Take-In Tips, Part III: Client Valuation Home Ask the Expert Brainstorm Stats Site of the Week Consumer Press Scan Your Business On-Line Calendar Staff Site Map

September 1999

For Your Staff: Repair Counter

Take-In Tips, Part III: Client Valuation

Be careful when offering a wild guess at jewelry value during take-in. You could be held responsible later

'Client valuation" is the monetary value written on take-in forms. This is also the dollar amount you may be held responsible for in the case of loss or damage to the jewelry, so be careful. Allow the customer to estimate the value of the piece, but don't get caught with an inflated sentimental value.

Customer Estimate
When you ask a customer to estimate the dollar value of the jewelry being taken in, the inevitable retort is "you should know."

But there's a problem with you offering an off-the-cuff dollar value. In our increasingly litigious society, you can be held legally responsible for your estimate. As any seasoned appraiser has learned, many first impressions of value can be highly inflated or grossly low when valuation research is conducted.

Obviously, there isn't enough time during take-in to do a full-blown appraisal on the jewelry being left, but a reasonable value estimate is still necessary. So don't rush into blurting out something; the information may be obtained in other ways.

Helping the Customer
Many customers may know immediately what they paid for their jewelry. Others will require guidance. To offer this guidance, you must have a clear understanding of the identity of the jewelry. Once an identification has been made, you may be able to show the customer a similar item from stock for value comparison. If the item was bought in your store, you can find the original price in your customer files. Keeping accurate and accessible records proves its worth in this day-to-day situation.

Unreasonable Demands
For a number of reasons, the customer may insist on an unreasonably high value estimate. Many people simply don't know the true identity of their jewelry. Then the customer's misidentification can lead to an inflated valuation. For example, a customer who believes his or her synthetic ruby to be natural is almost guaranteed to greatly overvalue the piece. The customer may be mistaken also about the identity of the metal.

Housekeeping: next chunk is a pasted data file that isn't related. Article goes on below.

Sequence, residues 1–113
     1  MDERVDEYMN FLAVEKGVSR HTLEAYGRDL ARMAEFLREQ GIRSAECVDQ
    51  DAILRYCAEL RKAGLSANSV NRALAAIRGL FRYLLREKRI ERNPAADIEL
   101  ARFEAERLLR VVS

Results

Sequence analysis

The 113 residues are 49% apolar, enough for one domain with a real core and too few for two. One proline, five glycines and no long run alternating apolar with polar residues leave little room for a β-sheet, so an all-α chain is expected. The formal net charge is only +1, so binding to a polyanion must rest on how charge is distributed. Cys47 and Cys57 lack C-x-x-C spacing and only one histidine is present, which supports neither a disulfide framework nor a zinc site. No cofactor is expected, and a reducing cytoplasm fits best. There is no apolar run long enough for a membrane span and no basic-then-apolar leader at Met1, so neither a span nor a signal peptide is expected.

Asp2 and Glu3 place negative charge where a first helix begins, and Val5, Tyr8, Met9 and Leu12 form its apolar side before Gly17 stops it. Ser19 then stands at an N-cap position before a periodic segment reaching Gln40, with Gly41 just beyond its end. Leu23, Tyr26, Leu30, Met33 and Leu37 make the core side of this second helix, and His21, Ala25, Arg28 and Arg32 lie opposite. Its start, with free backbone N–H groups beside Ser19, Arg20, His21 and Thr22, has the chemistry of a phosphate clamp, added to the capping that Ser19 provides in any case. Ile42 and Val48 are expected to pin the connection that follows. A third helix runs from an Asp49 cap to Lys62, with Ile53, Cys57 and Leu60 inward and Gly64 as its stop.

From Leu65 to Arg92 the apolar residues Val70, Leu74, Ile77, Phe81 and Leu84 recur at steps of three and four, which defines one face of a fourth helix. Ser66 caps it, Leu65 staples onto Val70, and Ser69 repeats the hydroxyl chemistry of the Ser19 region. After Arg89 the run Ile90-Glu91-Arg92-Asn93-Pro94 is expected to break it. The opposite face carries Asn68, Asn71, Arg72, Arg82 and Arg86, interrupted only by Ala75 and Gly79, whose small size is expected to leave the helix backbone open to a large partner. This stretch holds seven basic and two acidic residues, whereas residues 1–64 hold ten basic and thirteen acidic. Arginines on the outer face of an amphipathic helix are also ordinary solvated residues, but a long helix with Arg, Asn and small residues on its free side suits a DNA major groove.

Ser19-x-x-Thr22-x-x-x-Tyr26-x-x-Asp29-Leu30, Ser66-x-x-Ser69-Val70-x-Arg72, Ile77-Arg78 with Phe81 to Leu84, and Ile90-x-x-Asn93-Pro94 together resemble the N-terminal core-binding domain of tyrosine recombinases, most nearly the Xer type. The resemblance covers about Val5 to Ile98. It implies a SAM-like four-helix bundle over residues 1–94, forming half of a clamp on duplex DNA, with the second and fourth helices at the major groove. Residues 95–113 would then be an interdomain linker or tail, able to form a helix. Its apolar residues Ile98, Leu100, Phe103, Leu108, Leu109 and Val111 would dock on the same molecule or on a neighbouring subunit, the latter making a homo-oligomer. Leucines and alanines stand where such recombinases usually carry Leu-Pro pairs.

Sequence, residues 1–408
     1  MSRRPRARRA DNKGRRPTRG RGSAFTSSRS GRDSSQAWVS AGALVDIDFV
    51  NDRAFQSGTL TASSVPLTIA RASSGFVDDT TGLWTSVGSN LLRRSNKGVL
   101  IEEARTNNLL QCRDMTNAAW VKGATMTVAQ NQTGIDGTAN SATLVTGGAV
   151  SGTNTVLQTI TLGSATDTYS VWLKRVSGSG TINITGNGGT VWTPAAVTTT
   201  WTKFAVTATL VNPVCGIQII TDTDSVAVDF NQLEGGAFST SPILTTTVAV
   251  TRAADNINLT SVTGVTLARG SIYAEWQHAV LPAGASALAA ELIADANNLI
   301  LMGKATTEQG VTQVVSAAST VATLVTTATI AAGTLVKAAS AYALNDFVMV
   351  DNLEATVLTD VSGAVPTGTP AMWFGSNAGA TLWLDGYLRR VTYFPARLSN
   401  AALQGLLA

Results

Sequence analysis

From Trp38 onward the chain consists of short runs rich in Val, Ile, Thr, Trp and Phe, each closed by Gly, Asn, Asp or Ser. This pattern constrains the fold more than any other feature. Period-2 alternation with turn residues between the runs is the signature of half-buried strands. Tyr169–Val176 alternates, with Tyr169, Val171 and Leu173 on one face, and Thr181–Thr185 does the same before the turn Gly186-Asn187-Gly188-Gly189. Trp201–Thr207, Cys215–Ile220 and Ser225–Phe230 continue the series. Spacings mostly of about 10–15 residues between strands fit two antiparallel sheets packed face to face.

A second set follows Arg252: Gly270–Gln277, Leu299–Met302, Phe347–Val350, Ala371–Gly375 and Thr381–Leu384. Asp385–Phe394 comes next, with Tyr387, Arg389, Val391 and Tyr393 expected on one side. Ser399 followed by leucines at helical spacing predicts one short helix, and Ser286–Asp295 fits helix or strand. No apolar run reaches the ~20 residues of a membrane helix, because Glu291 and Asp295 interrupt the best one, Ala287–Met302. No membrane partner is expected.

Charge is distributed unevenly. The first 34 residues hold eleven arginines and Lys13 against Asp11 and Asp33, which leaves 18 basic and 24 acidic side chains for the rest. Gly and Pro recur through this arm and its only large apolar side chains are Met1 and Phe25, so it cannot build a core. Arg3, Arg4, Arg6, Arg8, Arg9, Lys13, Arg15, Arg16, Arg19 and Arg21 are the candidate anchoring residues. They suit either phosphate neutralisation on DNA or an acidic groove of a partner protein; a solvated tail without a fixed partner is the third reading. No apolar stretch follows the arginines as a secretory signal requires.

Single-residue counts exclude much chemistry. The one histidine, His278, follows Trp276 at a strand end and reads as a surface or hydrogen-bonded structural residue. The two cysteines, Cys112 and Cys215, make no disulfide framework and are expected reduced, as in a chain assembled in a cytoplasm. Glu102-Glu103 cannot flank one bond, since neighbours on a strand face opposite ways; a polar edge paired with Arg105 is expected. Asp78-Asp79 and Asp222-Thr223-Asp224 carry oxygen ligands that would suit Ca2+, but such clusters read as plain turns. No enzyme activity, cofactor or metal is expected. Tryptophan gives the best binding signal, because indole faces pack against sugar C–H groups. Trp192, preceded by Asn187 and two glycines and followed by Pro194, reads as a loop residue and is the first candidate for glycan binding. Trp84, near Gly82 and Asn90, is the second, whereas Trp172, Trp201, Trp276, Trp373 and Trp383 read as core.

A good identification and communication between jeweler and customer usually overcomes this problem.

Also realize many people equate sentimental value with monetary value. Some items can never be replaced. These realities should be discussed so the customer can make an educated decision whether to have the jewelry repaired. If the customer is truly unable to understand that his or her estimate of value is inflated and insists on that amount, you may want to decline the repair. No jeweler wants to be held responsible to the tune of thousands of dollars if an inexpensive synthetic gem is damaged accidentally.

 Sometimes the customer isn't always right, as in this piece of jewelry with glass imitations of turquoise and marcasite set in a white base metal. The customer believed the piece to be a valuable example of Victorian silver jewelry set with Persian turquoise and diamonds. Careful identification proved the piece to be an inexpensive imitation. The glass cabochons have a noticeably high luster and lack the undercut dark matrix common in natural turquoise.

– by Arthur skuratowicz, G.G., & Julie Nash, G.G.

Arthur Skuratowicz, G.G., and Julie Nash, G.G., operate Anton Nash LLC, an independent jewelry appraisal and consulting company in Colorado Springs, CO.

Copyright © 1999 by Bond Communications.


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